It is in the latter category which today’s interest, Egan Street Resources (EGA), is found after the release earlier this week of a pre-feasibility study (PFS) in to the development of its high-grade Rothsay gold project in WA’s South Murchison.
Egan Street is last September’s over-subscribed $6m float that takes its name from the street in Kalgoorlie which is home to the WA School of Mines from which managing director Marc Ducler and the chief operating officer Lindsay Franker both graduated.
And given that in itself reflects some good humour, they won’t mind it being pointed out that the street takes its name from Richard Egan, a prospector who struck it lucky in the late 1800s and was known as Diamond Dick.
The PFS confirmed a robust project based on the production of 200,000 ounces of gold over an initial mine life of 5.5 years with peak production annual of about 50,000 ounces at an all-in sustaining cost of $A1020 an ounce after upfront capital costs of a very doable $33.9m (including $8.9m in working capital and a $3.3m contingency).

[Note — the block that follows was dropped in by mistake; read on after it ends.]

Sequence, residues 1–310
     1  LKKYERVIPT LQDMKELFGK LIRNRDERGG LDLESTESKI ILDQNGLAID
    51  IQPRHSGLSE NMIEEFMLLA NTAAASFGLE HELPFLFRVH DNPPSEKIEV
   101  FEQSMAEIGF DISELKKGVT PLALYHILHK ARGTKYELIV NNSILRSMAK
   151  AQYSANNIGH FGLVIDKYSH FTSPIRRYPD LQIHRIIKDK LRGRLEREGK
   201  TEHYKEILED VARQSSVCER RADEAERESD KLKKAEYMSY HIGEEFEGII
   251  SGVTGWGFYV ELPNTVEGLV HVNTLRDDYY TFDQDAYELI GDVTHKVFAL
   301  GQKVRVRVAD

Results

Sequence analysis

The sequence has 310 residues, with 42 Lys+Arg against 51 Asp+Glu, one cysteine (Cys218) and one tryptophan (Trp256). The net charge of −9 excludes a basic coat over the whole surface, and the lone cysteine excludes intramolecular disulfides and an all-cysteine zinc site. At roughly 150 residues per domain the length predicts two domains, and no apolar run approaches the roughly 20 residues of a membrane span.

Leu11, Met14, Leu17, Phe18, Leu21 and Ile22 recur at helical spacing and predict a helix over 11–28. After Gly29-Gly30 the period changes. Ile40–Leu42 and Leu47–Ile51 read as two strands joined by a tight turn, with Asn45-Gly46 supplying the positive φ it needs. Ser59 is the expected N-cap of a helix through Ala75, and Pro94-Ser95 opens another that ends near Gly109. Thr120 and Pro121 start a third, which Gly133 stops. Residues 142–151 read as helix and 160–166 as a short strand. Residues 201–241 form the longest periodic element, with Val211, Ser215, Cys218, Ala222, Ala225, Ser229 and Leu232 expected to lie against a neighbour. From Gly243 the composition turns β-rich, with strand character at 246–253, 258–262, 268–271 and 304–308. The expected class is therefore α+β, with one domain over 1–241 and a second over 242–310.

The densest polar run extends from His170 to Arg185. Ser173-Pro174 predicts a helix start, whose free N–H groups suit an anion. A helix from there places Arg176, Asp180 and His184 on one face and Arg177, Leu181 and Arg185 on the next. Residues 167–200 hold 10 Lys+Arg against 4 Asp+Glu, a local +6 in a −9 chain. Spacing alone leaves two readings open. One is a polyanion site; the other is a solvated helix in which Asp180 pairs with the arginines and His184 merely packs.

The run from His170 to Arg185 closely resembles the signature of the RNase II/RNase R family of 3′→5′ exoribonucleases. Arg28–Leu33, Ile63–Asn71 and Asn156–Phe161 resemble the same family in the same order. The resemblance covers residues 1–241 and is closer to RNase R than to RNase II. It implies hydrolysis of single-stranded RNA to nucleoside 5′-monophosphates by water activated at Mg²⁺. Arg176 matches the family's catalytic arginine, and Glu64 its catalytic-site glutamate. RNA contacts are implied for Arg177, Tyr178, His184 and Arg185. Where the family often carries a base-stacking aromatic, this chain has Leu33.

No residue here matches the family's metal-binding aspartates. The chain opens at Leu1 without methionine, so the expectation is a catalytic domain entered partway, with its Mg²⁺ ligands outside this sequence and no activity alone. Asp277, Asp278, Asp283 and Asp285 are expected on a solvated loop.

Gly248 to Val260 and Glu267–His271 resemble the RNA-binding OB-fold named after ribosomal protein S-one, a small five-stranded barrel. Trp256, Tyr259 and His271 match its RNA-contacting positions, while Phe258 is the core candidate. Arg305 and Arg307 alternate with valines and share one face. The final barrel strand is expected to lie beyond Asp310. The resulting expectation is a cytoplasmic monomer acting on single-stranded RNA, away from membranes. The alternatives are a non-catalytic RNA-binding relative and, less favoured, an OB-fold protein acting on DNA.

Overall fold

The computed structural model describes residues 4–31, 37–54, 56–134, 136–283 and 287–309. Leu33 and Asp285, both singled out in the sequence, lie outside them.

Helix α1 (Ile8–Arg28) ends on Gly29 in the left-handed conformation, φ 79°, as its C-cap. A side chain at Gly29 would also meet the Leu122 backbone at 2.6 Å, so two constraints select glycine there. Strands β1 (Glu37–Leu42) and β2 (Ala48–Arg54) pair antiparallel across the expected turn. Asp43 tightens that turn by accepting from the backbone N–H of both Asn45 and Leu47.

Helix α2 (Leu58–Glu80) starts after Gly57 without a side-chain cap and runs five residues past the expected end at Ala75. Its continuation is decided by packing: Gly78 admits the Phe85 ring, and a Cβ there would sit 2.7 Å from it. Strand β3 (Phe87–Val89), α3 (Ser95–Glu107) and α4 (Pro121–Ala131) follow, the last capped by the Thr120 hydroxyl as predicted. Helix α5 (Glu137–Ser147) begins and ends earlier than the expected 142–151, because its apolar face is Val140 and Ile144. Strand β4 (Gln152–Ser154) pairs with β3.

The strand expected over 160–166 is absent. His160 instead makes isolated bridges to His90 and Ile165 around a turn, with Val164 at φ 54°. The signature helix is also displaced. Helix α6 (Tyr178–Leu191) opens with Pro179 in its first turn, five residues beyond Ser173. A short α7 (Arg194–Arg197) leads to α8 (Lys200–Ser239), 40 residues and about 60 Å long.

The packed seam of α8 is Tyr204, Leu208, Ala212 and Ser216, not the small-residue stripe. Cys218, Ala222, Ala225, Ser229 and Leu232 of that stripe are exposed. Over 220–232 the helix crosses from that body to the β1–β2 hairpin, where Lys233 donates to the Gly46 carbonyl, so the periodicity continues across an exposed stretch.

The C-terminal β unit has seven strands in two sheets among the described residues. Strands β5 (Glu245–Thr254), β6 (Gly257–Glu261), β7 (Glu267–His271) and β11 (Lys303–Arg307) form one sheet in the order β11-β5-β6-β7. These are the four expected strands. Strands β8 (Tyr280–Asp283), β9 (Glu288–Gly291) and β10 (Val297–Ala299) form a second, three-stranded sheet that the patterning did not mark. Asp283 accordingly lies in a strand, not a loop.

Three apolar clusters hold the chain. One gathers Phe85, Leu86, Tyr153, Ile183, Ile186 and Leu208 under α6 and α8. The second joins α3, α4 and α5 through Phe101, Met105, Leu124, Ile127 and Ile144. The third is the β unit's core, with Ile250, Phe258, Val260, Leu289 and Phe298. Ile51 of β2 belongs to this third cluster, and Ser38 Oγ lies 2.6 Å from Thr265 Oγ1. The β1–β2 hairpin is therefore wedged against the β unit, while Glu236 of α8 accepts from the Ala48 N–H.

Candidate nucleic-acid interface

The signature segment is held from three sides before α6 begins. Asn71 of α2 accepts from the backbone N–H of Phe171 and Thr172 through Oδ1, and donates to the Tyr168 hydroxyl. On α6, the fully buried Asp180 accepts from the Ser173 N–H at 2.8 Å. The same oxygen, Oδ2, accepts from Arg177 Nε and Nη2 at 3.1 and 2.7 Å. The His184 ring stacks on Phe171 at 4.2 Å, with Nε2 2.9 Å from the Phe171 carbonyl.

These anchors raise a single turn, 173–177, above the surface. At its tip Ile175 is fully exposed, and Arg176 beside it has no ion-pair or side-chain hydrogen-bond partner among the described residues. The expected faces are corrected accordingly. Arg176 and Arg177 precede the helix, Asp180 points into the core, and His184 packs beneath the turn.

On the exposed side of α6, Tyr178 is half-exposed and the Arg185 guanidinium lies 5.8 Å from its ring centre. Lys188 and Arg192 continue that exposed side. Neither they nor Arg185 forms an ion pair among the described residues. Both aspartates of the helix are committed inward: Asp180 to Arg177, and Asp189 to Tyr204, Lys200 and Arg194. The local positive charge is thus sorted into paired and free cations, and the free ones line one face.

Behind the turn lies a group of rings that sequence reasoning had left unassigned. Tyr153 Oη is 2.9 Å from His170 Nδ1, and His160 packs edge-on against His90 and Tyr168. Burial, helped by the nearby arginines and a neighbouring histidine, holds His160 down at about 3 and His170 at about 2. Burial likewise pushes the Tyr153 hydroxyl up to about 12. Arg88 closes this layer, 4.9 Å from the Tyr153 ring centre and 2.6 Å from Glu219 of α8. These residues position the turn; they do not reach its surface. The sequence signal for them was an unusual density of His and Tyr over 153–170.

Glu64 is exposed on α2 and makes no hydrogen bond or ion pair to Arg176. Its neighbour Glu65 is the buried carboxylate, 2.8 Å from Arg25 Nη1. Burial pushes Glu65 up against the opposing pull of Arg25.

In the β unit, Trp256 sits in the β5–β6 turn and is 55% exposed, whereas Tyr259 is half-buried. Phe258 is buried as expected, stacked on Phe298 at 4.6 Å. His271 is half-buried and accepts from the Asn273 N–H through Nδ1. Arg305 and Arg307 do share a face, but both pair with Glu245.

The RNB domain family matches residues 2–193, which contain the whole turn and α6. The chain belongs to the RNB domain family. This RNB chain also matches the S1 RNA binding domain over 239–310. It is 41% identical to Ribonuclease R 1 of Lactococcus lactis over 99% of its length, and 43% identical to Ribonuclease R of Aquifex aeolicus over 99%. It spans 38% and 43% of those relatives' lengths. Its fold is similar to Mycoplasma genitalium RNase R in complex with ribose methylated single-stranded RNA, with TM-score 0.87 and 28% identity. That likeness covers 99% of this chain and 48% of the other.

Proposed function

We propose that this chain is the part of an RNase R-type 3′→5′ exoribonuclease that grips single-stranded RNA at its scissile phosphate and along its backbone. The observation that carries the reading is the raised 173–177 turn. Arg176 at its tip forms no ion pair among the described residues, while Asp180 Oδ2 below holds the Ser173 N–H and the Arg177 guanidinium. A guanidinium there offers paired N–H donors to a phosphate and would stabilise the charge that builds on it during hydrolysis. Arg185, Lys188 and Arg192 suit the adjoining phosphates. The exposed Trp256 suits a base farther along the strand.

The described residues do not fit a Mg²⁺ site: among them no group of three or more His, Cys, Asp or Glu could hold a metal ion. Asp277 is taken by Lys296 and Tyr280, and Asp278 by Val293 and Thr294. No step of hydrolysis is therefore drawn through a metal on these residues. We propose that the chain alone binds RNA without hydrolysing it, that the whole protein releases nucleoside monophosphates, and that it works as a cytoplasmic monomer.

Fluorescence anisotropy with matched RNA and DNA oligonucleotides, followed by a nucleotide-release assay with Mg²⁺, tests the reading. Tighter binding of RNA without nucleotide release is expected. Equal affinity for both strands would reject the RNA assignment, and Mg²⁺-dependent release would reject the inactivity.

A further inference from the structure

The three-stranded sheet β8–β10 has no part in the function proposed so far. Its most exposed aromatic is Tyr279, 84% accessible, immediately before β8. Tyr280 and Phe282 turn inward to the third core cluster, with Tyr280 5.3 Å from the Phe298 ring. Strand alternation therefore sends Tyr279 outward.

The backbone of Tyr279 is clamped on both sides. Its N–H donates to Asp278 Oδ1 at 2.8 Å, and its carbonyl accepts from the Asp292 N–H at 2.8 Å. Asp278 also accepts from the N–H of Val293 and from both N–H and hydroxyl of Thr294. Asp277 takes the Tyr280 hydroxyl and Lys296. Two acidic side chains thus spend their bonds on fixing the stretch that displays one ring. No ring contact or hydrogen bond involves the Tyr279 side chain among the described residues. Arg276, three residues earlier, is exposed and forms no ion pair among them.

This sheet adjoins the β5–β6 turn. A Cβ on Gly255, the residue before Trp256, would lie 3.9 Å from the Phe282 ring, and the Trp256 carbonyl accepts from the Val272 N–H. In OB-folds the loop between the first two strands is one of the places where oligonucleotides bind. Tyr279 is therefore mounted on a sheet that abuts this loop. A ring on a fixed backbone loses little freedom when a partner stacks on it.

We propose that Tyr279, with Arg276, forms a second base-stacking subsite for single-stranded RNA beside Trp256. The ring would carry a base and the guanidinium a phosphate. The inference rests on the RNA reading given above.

First gold production is targeted for mid-2018 and the sweet grade is expected to allow for a rapid capital payback period of 23 months.
The net present value at a $A1600 gold price was estimated at $58.1m, which was more than double the NPV estimate in the earlier scoping study due to the addition of 100,000 ounces of gold in to the PFS courtesy of a modest drilling program.
Patersons liked the PFS results and slapped a 54c price target on the stock, which is more than double Wednesday’s 25c share price. The bulk of its valuation work reflected what was in the PFS, with Rothsay’s exploration upside making up only a small component.
It has got to be said that is where interest lies in Egan Street from here on. The current market cap is more than covered by the PFS figures. The kicker from here will be what exploration turns up across the five prospective shear zones along 14km of strike.
And there is good reason to think it will be worth watching. Scratchings by oldtimers dating back as far as the 1890s serve as a guide along the strike, as do modern ground magnetics.
As the PFS demonstrated clearly, even small additions to the resource base can have a dramatic impact for the good on Rothsay’s NPV. So what was outlined in the PFS can be taken as very much the start of the story for Egan Street.
One of Australia’s leading business journalists, Barry FitzGerald, highlights the issues, opportunities and challenges for small and mid-cap resources stocks, and most recently penned his column for The Australian newspaper.